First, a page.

“The biggest thing was how loving he was towards the people around him and how he expressed that love in a cool way, which guys are too afraid to do,” wrote Simmons. “I’ve been trying to implement those things in my life and share love or speaking up whenever I feel it’s right without fear of what people might think.”
As the first anniversary of Skaggs’ death approaches, his wife and mother use that inspiration.
The house that Carli and Tyler bought several months before his death sits empty. Carli could never bring herself to move in. They were going to raise a family there. But she’s remodeling and visits it every day. Perhaps at some point she will rent it to tenants if they agree to one caveat.
“I want to be able to stop by now and then,” she says. “I like hanging out there. I still feel his presence there.”
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Debbie looks at the big couch in front of the giant TV set in her family‘s home and thinks about how Tyler used to plop down there with his dinner on a tray and ESPN on the tube. She cringes at the emptiness.
“He was just a giant presence,” she says. “Such a selfless, giving presence.”
The women hope that Skaggs’ fledgling foundation will mirror that presence.
They’ve handed out free lunches to Santa Monica children from low-income families, refurbished a batting cage at Tyler’s North Venice Little League, sponsored a travel team and supported two student-athletes on a missionary trip. Tyler loved children, so they are planning a toy drive for local hospitals.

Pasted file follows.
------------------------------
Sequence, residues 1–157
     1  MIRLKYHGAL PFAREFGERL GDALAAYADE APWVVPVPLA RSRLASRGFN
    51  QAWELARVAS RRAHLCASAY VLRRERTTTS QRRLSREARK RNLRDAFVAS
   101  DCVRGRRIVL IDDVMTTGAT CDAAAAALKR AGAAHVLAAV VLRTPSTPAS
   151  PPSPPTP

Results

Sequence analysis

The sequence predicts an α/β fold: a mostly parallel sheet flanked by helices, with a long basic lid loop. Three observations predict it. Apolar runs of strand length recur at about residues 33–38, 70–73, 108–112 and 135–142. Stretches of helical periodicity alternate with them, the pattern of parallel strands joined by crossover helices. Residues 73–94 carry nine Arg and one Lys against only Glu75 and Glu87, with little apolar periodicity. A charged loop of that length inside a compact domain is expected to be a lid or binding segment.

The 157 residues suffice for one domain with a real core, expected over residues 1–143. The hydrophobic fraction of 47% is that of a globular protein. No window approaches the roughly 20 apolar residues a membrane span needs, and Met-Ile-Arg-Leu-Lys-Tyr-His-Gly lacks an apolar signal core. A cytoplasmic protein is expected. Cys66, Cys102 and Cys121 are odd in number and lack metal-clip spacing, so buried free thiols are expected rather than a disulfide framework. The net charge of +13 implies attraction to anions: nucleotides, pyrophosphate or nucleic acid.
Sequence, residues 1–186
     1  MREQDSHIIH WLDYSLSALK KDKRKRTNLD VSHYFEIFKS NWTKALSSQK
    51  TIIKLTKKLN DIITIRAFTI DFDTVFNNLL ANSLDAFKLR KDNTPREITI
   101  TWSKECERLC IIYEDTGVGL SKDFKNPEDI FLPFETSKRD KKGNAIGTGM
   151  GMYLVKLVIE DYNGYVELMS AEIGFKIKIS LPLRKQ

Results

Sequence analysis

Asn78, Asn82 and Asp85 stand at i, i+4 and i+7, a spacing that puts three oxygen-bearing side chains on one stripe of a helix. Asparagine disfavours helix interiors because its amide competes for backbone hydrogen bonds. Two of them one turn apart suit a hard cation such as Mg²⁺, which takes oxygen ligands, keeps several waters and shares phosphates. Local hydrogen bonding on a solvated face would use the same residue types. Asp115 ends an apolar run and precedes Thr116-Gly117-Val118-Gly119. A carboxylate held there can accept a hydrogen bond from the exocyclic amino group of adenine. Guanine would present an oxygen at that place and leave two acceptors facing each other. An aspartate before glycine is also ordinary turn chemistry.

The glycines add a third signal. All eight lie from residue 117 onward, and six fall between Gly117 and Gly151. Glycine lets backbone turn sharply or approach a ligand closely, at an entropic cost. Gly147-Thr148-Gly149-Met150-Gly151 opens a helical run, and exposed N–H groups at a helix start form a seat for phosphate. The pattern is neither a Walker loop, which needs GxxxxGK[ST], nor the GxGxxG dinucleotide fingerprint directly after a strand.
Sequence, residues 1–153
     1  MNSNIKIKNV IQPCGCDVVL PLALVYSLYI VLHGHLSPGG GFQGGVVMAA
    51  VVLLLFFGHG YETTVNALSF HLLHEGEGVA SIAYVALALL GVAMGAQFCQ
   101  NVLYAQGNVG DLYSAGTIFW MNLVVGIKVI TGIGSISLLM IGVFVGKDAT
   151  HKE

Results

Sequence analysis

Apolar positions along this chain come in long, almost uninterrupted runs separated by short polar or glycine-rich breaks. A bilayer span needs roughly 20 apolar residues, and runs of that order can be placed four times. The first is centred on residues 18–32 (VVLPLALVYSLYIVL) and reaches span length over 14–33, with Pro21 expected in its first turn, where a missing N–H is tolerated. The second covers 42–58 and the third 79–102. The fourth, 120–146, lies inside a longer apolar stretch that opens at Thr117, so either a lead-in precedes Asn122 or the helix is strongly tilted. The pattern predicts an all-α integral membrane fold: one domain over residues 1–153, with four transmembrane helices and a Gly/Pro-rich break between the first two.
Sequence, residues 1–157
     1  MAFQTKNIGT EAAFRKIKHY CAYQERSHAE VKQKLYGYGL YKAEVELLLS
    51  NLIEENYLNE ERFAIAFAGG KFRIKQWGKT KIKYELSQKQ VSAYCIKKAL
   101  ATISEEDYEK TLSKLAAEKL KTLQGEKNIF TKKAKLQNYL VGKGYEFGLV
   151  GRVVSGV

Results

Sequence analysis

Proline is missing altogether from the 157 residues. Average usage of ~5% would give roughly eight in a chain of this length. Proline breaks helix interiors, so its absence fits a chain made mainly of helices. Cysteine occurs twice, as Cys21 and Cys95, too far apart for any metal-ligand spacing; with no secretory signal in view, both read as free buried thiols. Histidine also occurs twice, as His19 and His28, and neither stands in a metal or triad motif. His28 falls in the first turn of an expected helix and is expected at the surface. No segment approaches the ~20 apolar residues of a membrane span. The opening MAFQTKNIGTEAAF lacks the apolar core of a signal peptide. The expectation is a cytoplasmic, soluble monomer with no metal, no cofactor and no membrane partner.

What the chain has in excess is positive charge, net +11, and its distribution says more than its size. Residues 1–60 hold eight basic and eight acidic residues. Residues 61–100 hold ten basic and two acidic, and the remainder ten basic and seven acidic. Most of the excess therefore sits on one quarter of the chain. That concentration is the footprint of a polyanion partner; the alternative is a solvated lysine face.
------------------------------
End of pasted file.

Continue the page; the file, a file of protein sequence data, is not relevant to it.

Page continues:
“It hurts so bad that I’m not going to see Ty as a father,” Debbie says. “He would have been an amazing father.”
Carli and Debbie are steeling themselves for the next challenge, that of enduring the July 1 anniversary.
Carli is going to host a gathering at her residence, then remove a few ashes from his urn, carry them to the beach and spread them in the Pacific.
“It’s going to be hard, but he loved the ocean,” she says.
Debbie is planning on placing flowers at a mural of Tyler located across the street from Santa Monica High. In the painting by local artist Jonas Never, Skaggs is grinning and tossing a baseball. There is no ceaseless sadness, no unending questions, nothing but an ageless pitcher in an endless summer.
Debbie, who still teaches physical education at the school, often visits the mural to speak to her son. After recent protests rocked the area, she made a special trip there and was comforted by what she found.
“It was untouched,” she says, a mother forever proud of her son. “He’s still smiling. He’s still there.”